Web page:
Landry missed four games last season with a PED violation and his release will save the team roughly $2 million in salary cap space. He played in fewer than 500 snaps in 2014.
Landry, who will enter the season at age 30, should have plenty of suitors on the secondary market.
The Colts were likely hoping for more than what they got from the former No. 6 overall pick. Landry had a fantastic 2012 in New York which allowed him to hit the free-agent market as a prized commodity.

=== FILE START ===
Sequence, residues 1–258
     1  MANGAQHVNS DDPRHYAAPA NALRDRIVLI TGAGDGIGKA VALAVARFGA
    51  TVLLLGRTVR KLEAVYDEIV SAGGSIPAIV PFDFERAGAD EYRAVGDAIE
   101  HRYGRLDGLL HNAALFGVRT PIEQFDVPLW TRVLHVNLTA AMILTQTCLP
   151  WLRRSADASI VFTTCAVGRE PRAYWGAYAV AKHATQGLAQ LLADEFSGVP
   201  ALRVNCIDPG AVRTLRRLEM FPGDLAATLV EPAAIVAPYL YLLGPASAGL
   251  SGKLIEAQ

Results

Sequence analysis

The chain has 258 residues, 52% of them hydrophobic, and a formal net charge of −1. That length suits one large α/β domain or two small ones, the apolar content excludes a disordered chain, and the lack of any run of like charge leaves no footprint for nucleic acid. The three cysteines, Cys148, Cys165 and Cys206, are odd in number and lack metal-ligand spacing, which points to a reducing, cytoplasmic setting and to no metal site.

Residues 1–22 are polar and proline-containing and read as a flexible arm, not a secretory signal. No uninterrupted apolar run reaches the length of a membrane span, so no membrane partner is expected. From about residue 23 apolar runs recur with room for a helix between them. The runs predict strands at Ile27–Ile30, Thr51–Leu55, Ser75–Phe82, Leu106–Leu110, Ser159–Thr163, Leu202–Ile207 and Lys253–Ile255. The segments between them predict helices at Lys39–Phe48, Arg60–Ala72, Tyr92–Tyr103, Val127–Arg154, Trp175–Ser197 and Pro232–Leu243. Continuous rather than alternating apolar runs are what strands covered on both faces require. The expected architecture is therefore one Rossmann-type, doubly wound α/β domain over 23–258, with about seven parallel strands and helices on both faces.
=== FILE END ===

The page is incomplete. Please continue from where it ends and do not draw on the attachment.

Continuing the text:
The 2013 experiment did yield a trip to the conference title game this year, but makes us wonder how popular high-profile spending sprees will be in the distant future. As the perceived value of veteran free agents continues to plummet, will the Colts' offseason in 2013 be another test case promoting the value of the draft and undrafted free agents under team control?